The long wait finally ended on June 14. Following an unofficial embargo dating back to the end of 2005, foreign banks had finally made their way back into China’s capital markets. e
The embargo was lifted at the end of 2007, prompting a flood of speculation about potential Sino-foreign securities joint ventures. But the first applications spent six months being digested by China’s regulatory machine before Credit Suisse announced it had received approval to take a 33% stake in an underwriting joint venture with Founder Securities.
Shortly afterward, CLSA said that China Euro Securities – a joint venture established in 2003 with Hunan-based Fortune Securities – had been granted an A-share broking license in addition to the underwriting license it already holds.
“This is very important for us,” C.G. Wu, chairman of CLSA China, told CHINA ECONOMIC REVIEW. “Broking revenue is much higher than underwriting revenue. Last year China saw US$21.4 billion in A-share commissions and US$1.3 billion in underwriting fees.”
These new approvals do not represent an opening of the floodgates so much as a staged entry into the market. Given the frailty of the securities industry – characterized by the way in which it swings precariously between profit and loss – this guarded approach is understandable.
The trading commissions and underwriting fees that Wu refers to came on the back of a 97% gain in the Shanghai Composite Index (SCI). As a result, brokerage industry profits came to US$18.66 billion, according to the Securities Association of China (SAC). In 2005, when the SCI hit a six-year low, the industry posted a loss of US$1.12 billion.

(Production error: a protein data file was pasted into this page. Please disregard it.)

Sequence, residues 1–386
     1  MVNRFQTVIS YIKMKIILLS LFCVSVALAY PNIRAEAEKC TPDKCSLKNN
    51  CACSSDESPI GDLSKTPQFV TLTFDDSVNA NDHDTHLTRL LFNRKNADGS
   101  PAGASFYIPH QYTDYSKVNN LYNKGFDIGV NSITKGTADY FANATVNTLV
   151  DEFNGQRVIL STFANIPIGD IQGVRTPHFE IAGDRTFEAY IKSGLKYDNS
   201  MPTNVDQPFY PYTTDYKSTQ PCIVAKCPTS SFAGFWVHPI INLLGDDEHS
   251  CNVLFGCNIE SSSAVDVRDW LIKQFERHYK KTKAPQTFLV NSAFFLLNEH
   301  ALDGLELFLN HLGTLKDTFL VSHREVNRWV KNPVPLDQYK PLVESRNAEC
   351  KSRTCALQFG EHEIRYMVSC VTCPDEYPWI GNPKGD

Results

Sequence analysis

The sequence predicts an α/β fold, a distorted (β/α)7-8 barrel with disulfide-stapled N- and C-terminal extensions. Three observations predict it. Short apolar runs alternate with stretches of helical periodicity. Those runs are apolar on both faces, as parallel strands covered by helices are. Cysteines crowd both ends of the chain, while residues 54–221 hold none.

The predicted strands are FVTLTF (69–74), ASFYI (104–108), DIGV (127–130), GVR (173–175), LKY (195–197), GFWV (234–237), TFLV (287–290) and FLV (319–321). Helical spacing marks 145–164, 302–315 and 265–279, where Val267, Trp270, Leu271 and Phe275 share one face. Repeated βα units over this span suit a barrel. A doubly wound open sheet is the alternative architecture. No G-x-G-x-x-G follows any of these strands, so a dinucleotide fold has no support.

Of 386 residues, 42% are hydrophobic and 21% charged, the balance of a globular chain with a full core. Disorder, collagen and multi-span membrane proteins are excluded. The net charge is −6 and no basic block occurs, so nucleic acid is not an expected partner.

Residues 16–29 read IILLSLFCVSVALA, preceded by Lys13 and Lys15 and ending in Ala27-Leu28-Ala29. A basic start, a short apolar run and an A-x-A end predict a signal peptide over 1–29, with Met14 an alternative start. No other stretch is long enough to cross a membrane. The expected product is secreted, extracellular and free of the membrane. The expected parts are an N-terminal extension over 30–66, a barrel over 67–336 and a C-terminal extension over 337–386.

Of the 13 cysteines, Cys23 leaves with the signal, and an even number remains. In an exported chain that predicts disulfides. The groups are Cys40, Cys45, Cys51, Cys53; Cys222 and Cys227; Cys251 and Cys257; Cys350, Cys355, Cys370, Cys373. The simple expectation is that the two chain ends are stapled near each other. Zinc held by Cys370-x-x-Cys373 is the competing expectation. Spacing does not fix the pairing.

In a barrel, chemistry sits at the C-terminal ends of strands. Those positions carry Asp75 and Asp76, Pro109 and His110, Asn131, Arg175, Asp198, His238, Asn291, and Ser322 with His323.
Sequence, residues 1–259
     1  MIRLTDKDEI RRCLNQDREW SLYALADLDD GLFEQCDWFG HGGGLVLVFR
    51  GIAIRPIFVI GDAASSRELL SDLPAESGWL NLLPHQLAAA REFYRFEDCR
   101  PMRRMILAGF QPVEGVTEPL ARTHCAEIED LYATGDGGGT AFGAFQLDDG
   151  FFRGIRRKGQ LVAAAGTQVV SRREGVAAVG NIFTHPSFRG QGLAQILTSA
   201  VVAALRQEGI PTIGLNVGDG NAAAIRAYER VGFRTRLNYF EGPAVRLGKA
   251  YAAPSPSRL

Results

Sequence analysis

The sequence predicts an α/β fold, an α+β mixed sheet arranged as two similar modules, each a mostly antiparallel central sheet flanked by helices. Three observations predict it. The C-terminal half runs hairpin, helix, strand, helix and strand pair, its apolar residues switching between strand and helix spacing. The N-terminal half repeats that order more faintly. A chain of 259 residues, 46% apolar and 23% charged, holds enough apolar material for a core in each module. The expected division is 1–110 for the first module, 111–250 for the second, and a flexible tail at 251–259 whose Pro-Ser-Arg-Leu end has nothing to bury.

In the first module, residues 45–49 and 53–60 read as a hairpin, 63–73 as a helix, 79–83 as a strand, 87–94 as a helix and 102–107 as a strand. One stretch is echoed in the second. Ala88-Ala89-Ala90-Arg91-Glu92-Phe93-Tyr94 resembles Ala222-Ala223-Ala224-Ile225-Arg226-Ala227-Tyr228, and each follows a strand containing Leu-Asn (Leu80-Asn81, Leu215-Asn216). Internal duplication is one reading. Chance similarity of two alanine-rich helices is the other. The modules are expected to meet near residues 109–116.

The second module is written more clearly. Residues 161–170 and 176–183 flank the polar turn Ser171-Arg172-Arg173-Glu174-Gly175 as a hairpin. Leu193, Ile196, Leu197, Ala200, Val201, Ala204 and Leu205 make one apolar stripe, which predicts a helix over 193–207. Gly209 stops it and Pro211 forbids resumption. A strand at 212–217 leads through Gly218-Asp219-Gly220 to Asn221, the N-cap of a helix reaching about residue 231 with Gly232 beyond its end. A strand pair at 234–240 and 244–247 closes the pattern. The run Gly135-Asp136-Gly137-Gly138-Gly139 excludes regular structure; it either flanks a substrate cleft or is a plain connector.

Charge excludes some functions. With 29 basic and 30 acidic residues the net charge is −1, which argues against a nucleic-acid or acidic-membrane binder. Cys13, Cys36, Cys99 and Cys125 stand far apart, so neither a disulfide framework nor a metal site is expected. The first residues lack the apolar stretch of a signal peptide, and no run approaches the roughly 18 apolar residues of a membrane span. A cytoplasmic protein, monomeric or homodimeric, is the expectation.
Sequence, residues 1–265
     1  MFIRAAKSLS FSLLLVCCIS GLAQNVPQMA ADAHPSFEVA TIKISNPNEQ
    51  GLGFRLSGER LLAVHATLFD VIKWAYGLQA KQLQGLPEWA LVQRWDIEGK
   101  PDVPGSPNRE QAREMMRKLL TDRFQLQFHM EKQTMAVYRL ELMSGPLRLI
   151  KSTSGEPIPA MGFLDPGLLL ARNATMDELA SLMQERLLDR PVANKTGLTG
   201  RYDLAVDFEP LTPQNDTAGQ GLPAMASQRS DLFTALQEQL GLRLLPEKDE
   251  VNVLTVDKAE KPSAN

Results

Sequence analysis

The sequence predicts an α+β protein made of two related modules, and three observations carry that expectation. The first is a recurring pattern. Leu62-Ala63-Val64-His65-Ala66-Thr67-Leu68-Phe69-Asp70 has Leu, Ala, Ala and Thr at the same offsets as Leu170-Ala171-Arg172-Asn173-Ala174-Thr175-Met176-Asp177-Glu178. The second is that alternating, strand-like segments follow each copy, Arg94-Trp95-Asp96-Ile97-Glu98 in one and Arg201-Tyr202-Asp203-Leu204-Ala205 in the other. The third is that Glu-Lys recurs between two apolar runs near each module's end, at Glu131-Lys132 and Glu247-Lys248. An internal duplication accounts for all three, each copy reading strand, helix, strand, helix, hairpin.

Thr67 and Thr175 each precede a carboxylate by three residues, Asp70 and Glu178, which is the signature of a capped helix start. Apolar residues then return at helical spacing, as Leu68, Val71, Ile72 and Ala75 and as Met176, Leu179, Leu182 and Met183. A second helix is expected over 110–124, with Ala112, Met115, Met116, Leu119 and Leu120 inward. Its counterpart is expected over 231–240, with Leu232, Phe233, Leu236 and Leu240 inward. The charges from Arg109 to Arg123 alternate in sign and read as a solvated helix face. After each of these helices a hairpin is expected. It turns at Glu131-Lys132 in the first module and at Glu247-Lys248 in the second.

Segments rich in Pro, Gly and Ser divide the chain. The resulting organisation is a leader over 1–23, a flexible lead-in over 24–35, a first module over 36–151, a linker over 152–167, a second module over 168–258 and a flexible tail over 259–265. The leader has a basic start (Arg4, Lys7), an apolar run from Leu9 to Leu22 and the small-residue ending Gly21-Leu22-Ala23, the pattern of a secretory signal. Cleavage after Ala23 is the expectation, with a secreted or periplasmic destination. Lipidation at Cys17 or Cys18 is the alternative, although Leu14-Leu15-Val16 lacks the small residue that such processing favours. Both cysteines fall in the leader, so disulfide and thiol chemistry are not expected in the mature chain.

“Chinese securities companies have made a lot of money from proprietary trading. In a bearish market proprietary trading drops and so we see huge losses,” said Alex Guo, head of research at Tebon Securities in Shanghai.
Poor risk management is exacerbated by the fact that Chinese brokerages can only make money when the market is rising. There is no hedging mechanism, which means trading commissions fall as the market falls. Unable to cover their proprietary trading losses, some brokers have turned to fraud as the only way out.
In 2004, the CSRC tried to clean up the sector, closing or restructuring 31 underperforming securities houses. The SAC had 106 brokerages under its supervision by the end of 2007, down from 128 in 2004. The brokerages that remained were subject to stricter rules and had to meet registered capital requirements to participate in certain kinds of business.
The next step was enlarging the brokerages’ business scope. Last year, CICC, China Merchants Securities and CITIC Securities received permission to invest in overseas securities through the Qualified Domestic Institutional Investor (QDII) program. CICC and CITIC Securities also got the green light to make private equity investments.
Another significant presence in the product pipeline is stock index futures, which should go some way toward providing investors and brokers with a means of hedging their risk. It is hoped that this will bring some stability to the market.